Wednesday, April 21, 2010

Hard Times

Most articles that have appeared over the past year or so detailing the financial straits of museums and, as a result, their turn to permanent collection shows (and it is an entire genre of articles by this point) have focused on the positives of such a move, but the Wall Street Journal's "Picasso to the Rescue" takes the unusual tack of pointing out some negatives.
Exhibits drawn entirely from permanent collections can sometimes feel incomplete or unsatisfying, museum observers say. "Very few museums have got a deep enough collection to pull this off convincingly," says David Gordon, the former director of the Milwaukee Art Museum who now works as a museum consultant. He adds that the Met's extensive holdings make it one of the possible exceptions.
It's unclear whether Gordon is speaking specifically about blockbuster permanent collection shows like the Metropolitan Museum of Art's upcoming Picasso exhibition or generally. He has a far better point if he means the former than the latter, which would suggest that museums shouldn't even bother with permanent collections beyond what's on the walls at all times. Author Candace Jackson mentions one reason permanent collection shows can be valuable: namely, fragility.
Most museums display less than 10% of the artwork in their collection at any given time. The works in storage often include a mix of museum-worthy pieces that can be pulled out for special exhibitions, and others that aren't fit for public viewing because they are fragile, damaged or simply no longer considered examples of great art. The Met has 34 Picasso paintings, but usually shows only 25 to 28 of them at a time. The artist's drawings and prints are generally not on view at the museum, because they are more fragile, but they will be included in the spring exhibit.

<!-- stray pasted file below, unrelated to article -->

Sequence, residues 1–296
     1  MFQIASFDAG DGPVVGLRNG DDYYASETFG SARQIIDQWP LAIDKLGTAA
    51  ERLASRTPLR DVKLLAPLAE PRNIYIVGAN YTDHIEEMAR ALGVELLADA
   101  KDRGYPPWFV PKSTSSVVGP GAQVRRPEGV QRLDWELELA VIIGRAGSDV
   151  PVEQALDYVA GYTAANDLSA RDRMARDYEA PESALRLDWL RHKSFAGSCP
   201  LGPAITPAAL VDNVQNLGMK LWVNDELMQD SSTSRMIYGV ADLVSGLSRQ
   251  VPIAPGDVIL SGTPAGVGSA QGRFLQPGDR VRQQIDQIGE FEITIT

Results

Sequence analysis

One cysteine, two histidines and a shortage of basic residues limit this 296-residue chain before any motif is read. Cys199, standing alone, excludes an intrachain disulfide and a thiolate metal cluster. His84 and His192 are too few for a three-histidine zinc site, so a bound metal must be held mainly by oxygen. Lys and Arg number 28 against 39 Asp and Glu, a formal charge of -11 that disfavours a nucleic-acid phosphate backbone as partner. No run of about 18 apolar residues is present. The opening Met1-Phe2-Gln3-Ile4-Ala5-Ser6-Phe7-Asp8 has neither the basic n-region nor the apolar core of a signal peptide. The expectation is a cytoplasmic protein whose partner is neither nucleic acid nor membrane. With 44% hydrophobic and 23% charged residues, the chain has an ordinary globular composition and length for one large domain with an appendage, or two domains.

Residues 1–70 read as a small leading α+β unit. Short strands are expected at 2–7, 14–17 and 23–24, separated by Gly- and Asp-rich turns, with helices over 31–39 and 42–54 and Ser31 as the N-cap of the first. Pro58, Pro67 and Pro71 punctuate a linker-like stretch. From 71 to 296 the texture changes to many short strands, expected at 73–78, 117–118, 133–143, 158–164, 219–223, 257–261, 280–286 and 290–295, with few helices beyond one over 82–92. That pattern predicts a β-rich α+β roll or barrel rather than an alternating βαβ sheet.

She also uses an exhibition at the Walker Art Center in Minneapolis as a positive example of a creative permanent collection show:
Though not every museum has a closetful of Picassos to draw from, institutions across the country have come up with creative ways to put together shows from their own storerooms. At the Walker Art Center in Minneapolis, museum-goers can take another look at the museum's permanent collection—using binoculars. The "Benches & Binoculars" exhibit features a salon-style gallery, hung floor to ceiling with works from of the museum's collection, like "Office at Night" by Edward Hopper. Visitors are encouraged to view the works through binoculars. Chief curator Darsie Alexander says the exhibition was meant to be "experimental, maybe even light-hearted," and to her surprise, has become one of the most popular galleries in the museum, requiring additional security guards because of the crowds.
The quote from Gordon actually follows this paragraph immediately, which makes it even more (potentially) insulting. Not all exhibitions aim to be comprehensive, and it's doubtful that even the Met's will be. Part of the appeal of permanent collection shows comes from seeing how a collection is built, not from rehashing the same old masterpieces once again, and these shows can be interestingly focused in a way larger exhibitions rarely are.

No comments: